Off Watch: A Cruising Sailor Joins the Race

Spending time aboard racing sailboats can make cruising better. Plus, racing is just plain fun.
Sailboat from Helly Hansen Sailing World Regatta Series in Saint Petersburg, Florida, February 2022.
The Beneteau 40 Liquid Time holds her course in the North Sails Rally Race off St. Petersburg, Florida. Paul Todd/Outside Images

Yes, of course, Cruising World is a magazine dedicated to the glorious pastime of cruising. But, from time to time, it’s worthwhile to examine this basic truism: Racing sailboats will make you a better cruising sailor. Tacking and jibing at full speed, paying extra attention to windshifts and currents, trimming sails to get every last tenth of a knot of performance from them—these are all things you can apply to cruising that will make your life on the water a little more fulfilling. 

And there’s another, perhaps even greater, benefit as well. With the right crew on a sweet boat on a beautiful day, racing is also just a ton of fun.

This, I discovered, yet again, on a lovely Saturday in February when my colleagues at sister magazine Sailing World wrangled me aboard the Beneteau 40 Liquid Time for the North Sails Rally Race during the St. Petersburg, Florida, stop on the nationwide tour of six events that comprise the Helly Hansen Sailing World 2022 Regatta series. The 40-foot racer/cruiser is owned by a trio of pals who sail out of nearby Davis Islands: Pemmy and Ed Roarke, who set and trim the sails, and champion Sunfish sailor Gail Haeusler, whom I’d soon witness was one heck of a helmswoman. 

The name has two origins: Liquid Time is the title of a favorite tune by the progressive rock band Phish, with these appropriate opening lyrics: “The sea is so wide, and the boat is so small.” The name is also a running joke with the tight, nine-person crew, one of whom always pops the same question before a race: “What time is it?” To which the collective answer is, well, always the same: “Liquid Time!” It’s a joke that never gets old. 

My time on Liquid ­unfolded over a 20-mile course in a shifty northerly breeze around government marks on busy Tampa Bay, with plenty of visual treats to spice up the proceedings: the ever-­expanding St. Pete skyline; the weird, lopsided arena known as Tropicana Field, home to baseball’s Tampa Bay Rays; and the distinctive Sunshine Skyway Bridge, which replaced an earlier span that a freighter creamed in a 1980 storm.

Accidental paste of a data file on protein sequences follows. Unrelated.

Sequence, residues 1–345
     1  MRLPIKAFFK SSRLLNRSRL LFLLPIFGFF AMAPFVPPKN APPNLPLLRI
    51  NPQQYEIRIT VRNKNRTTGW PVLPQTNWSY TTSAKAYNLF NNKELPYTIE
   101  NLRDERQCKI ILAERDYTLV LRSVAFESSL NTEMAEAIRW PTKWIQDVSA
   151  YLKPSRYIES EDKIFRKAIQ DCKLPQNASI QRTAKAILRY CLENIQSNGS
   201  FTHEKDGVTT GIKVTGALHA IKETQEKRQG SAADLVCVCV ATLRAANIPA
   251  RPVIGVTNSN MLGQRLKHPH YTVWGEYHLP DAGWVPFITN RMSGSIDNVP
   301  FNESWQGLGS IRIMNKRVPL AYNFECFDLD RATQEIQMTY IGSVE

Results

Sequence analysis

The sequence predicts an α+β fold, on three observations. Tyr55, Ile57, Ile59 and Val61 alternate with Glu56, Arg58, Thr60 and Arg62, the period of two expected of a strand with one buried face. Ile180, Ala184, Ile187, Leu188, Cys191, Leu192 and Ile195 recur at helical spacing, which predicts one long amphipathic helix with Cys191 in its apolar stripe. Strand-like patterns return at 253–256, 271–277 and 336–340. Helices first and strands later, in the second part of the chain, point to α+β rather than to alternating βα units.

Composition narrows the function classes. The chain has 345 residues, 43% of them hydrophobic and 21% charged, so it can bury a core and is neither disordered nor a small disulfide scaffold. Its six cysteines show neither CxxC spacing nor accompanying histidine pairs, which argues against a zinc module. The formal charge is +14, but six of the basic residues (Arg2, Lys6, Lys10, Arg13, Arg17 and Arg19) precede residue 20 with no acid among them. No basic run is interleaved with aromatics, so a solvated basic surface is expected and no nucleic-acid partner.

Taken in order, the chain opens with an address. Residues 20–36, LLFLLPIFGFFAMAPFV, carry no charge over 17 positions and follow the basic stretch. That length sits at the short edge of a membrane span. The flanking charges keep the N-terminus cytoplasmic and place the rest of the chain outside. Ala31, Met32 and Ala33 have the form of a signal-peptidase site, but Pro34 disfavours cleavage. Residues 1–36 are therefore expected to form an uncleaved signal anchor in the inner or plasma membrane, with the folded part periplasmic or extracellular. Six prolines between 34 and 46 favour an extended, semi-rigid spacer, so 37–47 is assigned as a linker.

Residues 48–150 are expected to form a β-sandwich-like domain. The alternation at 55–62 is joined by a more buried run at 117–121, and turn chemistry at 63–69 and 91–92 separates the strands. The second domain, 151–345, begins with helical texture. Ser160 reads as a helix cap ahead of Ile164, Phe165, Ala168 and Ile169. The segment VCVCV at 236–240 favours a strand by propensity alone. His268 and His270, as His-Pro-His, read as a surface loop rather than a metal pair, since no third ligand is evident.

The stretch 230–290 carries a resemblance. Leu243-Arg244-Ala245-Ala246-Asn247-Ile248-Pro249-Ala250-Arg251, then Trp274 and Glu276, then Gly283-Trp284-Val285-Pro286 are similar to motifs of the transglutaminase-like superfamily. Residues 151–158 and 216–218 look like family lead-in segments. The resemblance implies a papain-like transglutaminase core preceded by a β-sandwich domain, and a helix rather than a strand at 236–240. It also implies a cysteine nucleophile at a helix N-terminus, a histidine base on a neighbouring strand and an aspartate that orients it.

The starting line for our Racer/Cruiser division was a busy place, indeed; we shared it with a fleet of maniacs sailing light, twitchy L30 one-designs. Plus, unusually, it was a downwind start in about 8 knots of fluctuating wind, which meant a spinnaker set right off the bat. The Liquid team flowed through the maneuver like water running downhill (sorry). Haeusler timed it all perfectly. Off we went. 

It was pretty obvious right from the get-go that it was going to come down to a head-to-head match race with a Sarasota-based O’Day 40 called Mother Ocean, a name I assumed was borrowed from the opening line of Jimmy Buffett’s A Pirate Looks at Forty. (Also, what’s up with these Florida folks, their boat handles and their beloved recording artists?) 

In the early going, Mother was definitely a mutha, and we had a wonderful view of her transom as she assumed the lead. But all that changed when the kites were doused about two-thirds of the way through the race; the northerly ratcheted up to 14 knots, kicking up whitecaps as the skies cleared to reveal a spectacular sailing day. We hardened up for the closehauled beat back to the finish. Thanks in large part to Haeusler’s skilled driving, Liquid Time was both higher and faster, and before long, it was Mother Ocean in arrears. Which is how everything concluded, with Liquid Time the overall class winner. 

“We won that race in the second half,” said Ed Roarke, who then invoked another name, that of a recent Tampa Bay arrival—yet another cliched snowbird from New England—whose prowess has won over the local populace. “It was a Tom Brady special.”

The tunes came on, and, in the time-honored tradition of nearly all competitive sailing, the icy-cold beers were cracked and passed around. 

So, hey, what time was it again? 

Herb McCormick is a CW editor-at-large.